While the youthquake-nation’s soundtrack during the late ‘60s was dominated by such stellar L.A. bands as the Byrds and the Mamas and The Papas (presided over by the magisterial Beatles, of course, whose Sgt. Pepper’s Lonely Hearts Club Band album had just hit the universe like a musical bomb and drenched the entire world in its syrupy colors), Love was largely a regional favorite, though Forever Changes reportedly reached Number 24 on the British charts.
Besides being a top attraction at the Whiskey-a-Go-Go, the band appeared on many of L.A.’s music-dance TV shows of the era: American Bandstand, Hullaballoo, Where the Action Is! On Youtube, you can see Arthur wearing his signature triangular-diamond-shaped green glasses and belting out Burt Bacharach’s “My Little Red Book” on Bandstand. (Reportedly, the composer didn’t dig it.).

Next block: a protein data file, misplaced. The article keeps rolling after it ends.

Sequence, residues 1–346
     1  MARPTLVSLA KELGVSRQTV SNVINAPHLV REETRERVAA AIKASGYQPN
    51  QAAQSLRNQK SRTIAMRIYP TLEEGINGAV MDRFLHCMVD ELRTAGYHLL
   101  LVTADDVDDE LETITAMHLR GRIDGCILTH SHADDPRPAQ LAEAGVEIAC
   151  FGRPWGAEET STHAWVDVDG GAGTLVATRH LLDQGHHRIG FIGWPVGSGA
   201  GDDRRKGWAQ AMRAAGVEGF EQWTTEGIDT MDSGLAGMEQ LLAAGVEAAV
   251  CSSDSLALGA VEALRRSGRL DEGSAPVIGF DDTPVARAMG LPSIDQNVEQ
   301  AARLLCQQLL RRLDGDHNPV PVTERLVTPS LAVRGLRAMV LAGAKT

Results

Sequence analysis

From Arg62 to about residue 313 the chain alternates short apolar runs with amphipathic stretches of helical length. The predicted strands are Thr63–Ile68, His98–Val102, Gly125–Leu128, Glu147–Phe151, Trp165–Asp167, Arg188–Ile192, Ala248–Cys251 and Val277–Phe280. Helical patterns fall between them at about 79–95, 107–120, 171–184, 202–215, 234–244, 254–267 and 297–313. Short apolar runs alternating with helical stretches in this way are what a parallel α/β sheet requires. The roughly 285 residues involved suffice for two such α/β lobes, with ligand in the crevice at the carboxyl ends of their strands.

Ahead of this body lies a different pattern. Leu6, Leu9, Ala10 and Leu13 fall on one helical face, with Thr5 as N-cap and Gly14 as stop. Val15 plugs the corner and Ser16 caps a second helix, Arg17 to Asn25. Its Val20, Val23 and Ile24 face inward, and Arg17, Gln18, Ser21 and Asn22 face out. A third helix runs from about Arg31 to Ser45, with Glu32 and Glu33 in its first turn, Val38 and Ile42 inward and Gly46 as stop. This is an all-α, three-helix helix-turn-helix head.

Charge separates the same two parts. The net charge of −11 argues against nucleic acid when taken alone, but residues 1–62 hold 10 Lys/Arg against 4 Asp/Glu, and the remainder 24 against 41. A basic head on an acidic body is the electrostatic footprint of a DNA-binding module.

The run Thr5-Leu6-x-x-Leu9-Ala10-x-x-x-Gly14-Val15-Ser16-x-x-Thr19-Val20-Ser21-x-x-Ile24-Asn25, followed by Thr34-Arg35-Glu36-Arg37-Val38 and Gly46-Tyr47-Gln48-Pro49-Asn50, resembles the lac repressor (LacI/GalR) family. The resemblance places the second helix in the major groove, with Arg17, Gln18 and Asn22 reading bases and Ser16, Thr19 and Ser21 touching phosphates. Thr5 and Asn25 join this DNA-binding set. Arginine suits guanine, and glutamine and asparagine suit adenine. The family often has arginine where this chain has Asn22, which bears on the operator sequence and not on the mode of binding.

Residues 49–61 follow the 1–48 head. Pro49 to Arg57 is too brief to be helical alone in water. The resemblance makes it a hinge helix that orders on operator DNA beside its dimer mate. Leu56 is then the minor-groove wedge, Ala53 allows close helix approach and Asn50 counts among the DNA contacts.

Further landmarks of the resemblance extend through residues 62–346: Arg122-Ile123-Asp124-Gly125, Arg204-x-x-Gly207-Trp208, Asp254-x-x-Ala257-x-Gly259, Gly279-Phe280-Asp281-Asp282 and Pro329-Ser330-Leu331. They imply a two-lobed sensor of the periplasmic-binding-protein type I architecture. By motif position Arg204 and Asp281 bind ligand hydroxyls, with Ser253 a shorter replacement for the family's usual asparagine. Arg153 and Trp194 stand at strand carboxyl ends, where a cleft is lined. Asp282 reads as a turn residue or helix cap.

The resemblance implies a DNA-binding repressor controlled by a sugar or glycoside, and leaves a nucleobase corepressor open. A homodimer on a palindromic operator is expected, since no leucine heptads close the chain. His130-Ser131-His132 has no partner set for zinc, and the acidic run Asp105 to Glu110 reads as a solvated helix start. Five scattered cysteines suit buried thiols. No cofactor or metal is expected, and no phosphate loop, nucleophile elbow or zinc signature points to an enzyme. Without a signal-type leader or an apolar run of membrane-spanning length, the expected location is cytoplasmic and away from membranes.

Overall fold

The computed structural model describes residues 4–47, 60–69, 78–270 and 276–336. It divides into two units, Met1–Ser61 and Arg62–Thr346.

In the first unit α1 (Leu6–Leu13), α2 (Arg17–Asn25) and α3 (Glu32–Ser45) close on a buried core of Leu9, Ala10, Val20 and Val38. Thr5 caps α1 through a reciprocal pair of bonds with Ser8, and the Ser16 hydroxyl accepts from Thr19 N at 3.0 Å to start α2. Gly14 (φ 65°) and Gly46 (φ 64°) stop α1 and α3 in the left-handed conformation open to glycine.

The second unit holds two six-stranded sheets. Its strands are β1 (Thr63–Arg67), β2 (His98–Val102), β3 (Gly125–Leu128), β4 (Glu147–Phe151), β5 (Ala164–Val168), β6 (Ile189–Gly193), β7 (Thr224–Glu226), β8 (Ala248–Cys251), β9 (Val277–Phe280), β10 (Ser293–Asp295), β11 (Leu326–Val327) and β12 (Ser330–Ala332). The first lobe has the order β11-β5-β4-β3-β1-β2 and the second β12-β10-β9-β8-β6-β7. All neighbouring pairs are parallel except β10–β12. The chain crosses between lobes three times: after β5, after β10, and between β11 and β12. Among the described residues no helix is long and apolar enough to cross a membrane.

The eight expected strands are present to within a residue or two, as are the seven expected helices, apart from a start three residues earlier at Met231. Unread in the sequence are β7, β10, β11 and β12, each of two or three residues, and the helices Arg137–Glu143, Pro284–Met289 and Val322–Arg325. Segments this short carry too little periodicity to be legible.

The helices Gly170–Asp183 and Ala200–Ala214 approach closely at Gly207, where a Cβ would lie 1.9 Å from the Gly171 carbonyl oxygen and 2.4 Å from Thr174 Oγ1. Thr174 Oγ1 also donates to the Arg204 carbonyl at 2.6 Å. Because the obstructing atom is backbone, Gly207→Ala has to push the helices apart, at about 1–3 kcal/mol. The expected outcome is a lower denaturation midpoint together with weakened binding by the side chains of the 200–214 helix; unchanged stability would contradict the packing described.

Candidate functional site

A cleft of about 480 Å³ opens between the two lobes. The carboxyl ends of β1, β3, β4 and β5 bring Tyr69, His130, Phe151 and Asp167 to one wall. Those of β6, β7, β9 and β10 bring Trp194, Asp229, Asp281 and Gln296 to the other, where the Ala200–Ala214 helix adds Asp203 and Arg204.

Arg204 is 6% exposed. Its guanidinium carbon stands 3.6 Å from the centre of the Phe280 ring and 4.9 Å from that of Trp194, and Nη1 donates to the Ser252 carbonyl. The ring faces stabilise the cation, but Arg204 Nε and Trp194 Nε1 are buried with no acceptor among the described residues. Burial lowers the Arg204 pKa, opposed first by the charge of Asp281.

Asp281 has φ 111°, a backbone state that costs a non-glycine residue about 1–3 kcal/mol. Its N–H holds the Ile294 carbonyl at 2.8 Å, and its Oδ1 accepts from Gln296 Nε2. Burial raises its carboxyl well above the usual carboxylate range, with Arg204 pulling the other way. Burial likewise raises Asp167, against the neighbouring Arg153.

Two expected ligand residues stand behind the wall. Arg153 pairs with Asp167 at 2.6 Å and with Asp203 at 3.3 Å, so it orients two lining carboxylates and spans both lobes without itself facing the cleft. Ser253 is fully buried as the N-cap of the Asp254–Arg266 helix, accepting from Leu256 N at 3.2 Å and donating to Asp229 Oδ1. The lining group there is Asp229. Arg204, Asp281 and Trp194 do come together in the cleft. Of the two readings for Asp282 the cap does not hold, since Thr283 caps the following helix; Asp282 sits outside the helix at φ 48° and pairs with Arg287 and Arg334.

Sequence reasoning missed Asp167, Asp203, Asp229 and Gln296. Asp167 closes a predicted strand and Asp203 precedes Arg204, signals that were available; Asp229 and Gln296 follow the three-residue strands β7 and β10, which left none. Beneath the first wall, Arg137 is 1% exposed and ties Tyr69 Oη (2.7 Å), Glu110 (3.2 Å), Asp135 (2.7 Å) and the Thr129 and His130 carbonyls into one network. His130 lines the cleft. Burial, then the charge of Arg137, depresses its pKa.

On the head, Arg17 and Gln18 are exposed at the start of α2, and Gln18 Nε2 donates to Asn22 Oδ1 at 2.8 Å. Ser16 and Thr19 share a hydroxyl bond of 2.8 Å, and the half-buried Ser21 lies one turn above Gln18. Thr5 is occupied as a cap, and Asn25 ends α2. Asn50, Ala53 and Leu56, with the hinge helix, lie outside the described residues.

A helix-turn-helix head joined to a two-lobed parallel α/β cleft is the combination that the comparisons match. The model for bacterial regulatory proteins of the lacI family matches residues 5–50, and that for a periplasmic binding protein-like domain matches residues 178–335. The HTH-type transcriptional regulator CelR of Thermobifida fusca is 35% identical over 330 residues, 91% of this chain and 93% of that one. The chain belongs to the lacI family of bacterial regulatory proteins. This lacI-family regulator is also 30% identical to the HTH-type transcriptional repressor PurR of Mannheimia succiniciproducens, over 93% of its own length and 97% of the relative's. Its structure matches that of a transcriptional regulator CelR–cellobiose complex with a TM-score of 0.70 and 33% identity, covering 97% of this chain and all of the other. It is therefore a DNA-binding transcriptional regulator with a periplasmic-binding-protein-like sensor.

Love on American Bandstand:
This hot L.A. group, whose signature logo was splashed across so many Sunset Strip billboards to advertise a string of albums released on Elektra, clearly were going places. In Hollywood, in West Hollywood, and on local TV, it must have seemed as if they’d already made it big. Both Jimi Hendrix and the up-and-coming L.A. group The Doors were huge fans of Love.
I was 9 in 1967. We lived in West Hollywood. My elementary school was one block south of the Sunset Strip. One fine afternoon that summer, my brother and I were walking along the south end of West Hollywood Park, when a small, scrawny kid with dusky dark skin and straight hair ran up to us and said “You guys! Another band is rehearsing in the auditorium! Right now! The Love Souls!”
As it turned out, the little kid got the name wrong, slightly.
We started running and went down the stairs, right down to the auditorium, and we carefully opened the door and walked in. It felt like we had walked into a huge wall or tunnel of sound, and you could feel the floor rumbling. Those guys up on the stage looked like a real “rock group.” The entire floor was empty. We walked over and stood right underneath the stage. The “Love Souls,” of course, were Arthur Lee and Love.